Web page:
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Andy Neal: Forgotten gem gets bohemian rhapsody

Rose street

Rose street

With £1m in the kitty to fund its transformation, Rose Street will soon be Edinburgh’s answer to Carnaby Street, says Andy Neal

The flags will be flying early next month to signal a new lease of life for one of Edinburgh’s best-known thoroughfares. The Heineken Cup quarter-final rugby match at Murrayfield on April 7 – when Edinburgh play host to French giants Toulouse – provides an ideal opportunity to highlight one of Edinburgh’s forgotten gems, Rose Street.

The issue for Rose Street at the moment is that it’s in the shadow of Princes Street and George Street, both of which have a clear identity. The plan for Rose Street is to give it its own personality, which should be something a little bit quirky. When we were doing our consultation, we identified different types of streets in other cities to give us clues, and the one most people liked was Carnaby Street in London’s West End. It’s in very close proximity to Oxford Street, Regent Street and Bond Street, but has its own quirky character, and that’s the vision for Rose Street.

But the time has come for Rose Street to enjoy more of the limelight, with ambitious plans drawn up by my own organisation, Essential Edinburgh, and the city council. The proposals follow a report prepared for us by The Prince’s Foundation for the Built Environment, which was set up by Prince Charles in 1998 to help influence design and planning of new communities and existing towns and cities.

It recommended the city looked to transform Rose Street into a “bohemian” destination, with physical improvements allied to a series of events designed to bring dead spaces back to life.

So, on the weekend of the big rugby encounter, the street will be festooned in colourful new bunting to provide a brighter face to visiting supporters and locals alike, and live traditional music will be performed along the street.

Long term, the aim is to transform Rose Street into an exciting and eclectic mix of pavement cafes, restaurants, bars and shops with regular, good quality street entertainment. Add to that mix some new welcome signage, street art, floral displays, well-designed street furniture and lighting.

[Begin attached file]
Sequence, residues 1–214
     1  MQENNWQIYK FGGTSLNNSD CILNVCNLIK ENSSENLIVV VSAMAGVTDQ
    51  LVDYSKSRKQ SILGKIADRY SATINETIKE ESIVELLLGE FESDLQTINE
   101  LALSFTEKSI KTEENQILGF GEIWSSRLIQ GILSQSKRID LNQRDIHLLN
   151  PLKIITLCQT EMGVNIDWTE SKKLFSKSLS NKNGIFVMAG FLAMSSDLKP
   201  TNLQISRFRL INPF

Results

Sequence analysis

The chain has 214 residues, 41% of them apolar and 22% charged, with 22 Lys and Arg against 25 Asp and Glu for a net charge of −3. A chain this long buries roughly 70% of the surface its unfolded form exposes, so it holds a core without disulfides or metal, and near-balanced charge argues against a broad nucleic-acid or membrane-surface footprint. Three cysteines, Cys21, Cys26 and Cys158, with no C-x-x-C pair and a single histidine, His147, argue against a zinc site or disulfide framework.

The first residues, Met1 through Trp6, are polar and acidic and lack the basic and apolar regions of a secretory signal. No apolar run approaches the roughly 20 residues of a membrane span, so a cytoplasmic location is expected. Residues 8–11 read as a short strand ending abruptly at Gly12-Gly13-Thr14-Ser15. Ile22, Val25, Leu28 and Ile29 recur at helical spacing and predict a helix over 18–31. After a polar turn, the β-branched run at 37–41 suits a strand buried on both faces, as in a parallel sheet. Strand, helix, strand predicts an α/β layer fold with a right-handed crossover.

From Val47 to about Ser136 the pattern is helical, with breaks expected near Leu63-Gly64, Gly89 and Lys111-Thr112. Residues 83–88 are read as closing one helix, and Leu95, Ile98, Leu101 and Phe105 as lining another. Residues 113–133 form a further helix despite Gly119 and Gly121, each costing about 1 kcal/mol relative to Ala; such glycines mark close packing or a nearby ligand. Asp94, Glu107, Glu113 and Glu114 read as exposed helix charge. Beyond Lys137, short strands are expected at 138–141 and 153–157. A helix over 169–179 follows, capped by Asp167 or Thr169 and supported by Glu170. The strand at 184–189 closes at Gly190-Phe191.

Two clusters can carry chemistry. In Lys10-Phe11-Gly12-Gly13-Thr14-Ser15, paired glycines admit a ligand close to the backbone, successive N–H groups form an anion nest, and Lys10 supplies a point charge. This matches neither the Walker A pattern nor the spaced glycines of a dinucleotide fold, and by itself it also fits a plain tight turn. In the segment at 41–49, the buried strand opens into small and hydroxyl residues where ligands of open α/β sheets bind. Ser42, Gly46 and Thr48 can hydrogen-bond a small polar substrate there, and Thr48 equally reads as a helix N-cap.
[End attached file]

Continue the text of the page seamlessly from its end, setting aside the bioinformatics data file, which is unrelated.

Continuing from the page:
I have said before that our aim should be to create a thoroughfare that rivals the likes of London’s Carnaby Street – a place that is tempting to visit.

Existing businesses are going to be encouraged to spill out on to the city centre’s pedestrianised street, with buskers encouraged to perform in designated areas. Events such as beer and food festivals are being explored.

The street has much to offer – with celebrity chef Jamie Oliver the latest to see the attractions with an Italian restaurant as part of the revamp of the Assembly Rooms.

The foundation’s report for Essential Edinburgh said it was “time for a clear-out” of Rose Street, with poor traffic management and enforcement of a traffic ban the biggest single issue that its talks with businesses and other groups threw up.

So clearly other priorities for improving the street will revolve around traffic management, and work remains to be done in this regard. While the street is primarily pedestrianised in terms of the road surface, lots of small delivery vans use the street. This is confusing for pedestrians and causes damage to the road surface, buildings and street furniture.

The plans will see the larger part of £1 million invested in Rose Street – with the funding coming from Essential Edinburgh, the city council and retailer Primark.

• Andy Neal is chief executive of Essential Edinburgh

Blossoming

• Rose Street was included in the original plan for Edinburgh’s New Town, flanked by George Street to the north and Princes Street to the south.

• Rose Street was named after the emblem of England, with Thistle Street (which runs parallel) named after Scotland’s national emblem.

• Rose Street is decorated with eight different mosaic roses.

• Rose Street is nicknamed “The Amber Mile” because of the number of pubs and clubs that line it – 17 in all.

• The hungry are well catered for, with 12 restaurants already established and a further ten cafes and takeaways.

• There are more than 40 shops along Rose Street and, in addition, entrances to four department stores.

• There are also two health clubs, eight offices, six banks and building societies and three hotels.

 

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